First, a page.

British Army Pocket Watch (GSTP – General Service Time Piece). So far I have seen a few examples of these classic pocket watches with a KNIL engraving. These are also re-issued British army timepieces. Probably bought together with the WWW wrist watches from British military surplus after WW2.

And last for now a Heuer Timer. These are so far all the same and have a 30 seconds face with a 15 minute counter. Serial numbers have 3 digits and all examples seen so far start with the number 2 (224 / 227 /243) so a series of less than 300 it seems. Like the Tissot this seems to be one order for one type only. Thest timers were probably used for sound distancing, so mainly artillery use. Determining the distance based on the sound of impact after a shot has been released and measuring the time in between to calculate the distance. Possibly also used for mortar and air force (bomb) timing.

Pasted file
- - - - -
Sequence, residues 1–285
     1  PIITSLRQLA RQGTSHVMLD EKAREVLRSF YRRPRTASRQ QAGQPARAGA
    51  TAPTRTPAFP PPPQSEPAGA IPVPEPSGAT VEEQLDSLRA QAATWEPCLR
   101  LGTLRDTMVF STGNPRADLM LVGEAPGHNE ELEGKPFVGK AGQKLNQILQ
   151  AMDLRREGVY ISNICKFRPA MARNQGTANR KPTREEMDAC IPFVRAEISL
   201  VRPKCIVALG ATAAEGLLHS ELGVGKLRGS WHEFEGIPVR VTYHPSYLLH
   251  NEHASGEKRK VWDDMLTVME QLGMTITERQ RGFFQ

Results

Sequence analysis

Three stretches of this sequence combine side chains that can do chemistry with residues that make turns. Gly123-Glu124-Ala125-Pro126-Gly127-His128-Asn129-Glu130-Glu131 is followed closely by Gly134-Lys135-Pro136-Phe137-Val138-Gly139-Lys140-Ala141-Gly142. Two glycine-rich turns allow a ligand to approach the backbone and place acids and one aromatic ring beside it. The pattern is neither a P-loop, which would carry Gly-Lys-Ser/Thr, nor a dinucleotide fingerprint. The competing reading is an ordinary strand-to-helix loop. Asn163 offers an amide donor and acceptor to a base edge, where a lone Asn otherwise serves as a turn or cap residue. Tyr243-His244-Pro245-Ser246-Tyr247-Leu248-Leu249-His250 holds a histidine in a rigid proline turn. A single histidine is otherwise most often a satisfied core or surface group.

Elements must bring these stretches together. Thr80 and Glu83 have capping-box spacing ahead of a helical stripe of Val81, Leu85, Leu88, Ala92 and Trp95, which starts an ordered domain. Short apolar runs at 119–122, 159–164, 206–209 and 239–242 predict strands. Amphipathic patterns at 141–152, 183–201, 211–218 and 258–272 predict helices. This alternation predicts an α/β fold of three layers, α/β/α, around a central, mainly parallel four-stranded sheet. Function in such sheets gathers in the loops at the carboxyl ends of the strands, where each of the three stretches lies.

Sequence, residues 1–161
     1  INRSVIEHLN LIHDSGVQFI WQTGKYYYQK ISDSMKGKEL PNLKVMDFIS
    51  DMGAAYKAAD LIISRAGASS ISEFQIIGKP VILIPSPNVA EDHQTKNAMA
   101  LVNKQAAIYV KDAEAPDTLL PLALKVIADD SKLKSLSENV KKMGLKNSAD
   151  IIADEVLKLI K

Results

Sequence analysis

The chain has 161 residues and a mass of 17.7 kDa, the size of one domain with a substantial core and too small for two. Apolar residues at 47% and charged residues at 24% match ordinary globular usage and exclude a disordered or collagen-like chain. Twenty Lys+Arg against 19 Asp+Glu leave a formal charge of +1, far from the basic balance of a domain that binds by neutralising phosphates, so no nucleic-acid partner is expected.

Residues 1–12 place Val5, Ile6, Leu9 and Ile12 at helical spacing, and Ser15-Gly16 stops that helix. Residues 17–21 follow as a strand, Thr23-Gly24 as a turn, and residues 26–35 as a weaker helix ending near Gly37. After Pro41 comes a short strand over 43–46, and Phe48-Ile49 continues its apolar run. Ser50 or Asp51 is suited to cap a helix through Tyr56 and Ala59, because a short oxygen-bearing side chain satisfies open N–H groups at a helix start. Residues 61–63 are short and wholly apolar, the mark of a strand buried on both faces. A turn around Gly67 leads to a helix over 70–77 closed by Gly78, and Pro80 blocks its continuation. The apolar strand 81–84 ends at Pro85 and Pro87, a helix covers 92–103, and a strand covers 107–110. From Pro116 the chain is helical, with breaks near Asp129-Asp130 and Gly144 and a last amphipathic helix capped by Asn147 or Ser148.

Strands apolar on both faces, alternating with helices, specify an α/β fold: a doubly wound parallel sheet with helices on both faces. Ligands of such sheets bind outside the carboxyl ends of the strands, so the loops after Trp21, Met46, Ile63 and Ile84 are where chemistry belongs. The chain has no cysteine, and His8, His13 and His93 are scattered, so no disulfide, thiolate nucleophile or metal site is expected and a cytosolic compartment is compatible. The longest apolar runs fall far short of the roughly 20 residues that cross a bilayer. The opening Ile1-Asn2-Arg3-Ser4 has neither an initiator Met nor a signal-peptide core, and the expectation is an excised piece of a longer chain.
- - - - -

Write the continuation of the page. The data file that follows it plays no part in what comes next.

So far I have not established if these were already used in 1942 or before or only 1946 and later.

As stated above this is only based on some deskresearch so nothing is conclusive yet. More info is welcome, please contact me, also with examples and additional serial number info.

MWO4 – Marine H. Jansma Atjeh 1874

This is the original paybook of the Dutch Marine (naval infanterist) H. Jansma (1854-1931) who was awarded the Military order of William 4th class and the Honorable Mention (Mention in Despatches) for his actions during the 2nd Atjeh war.

Jansma as a civillian in the 1920s

His blue paybook is covered in leather (pigskin) with his name on both sides.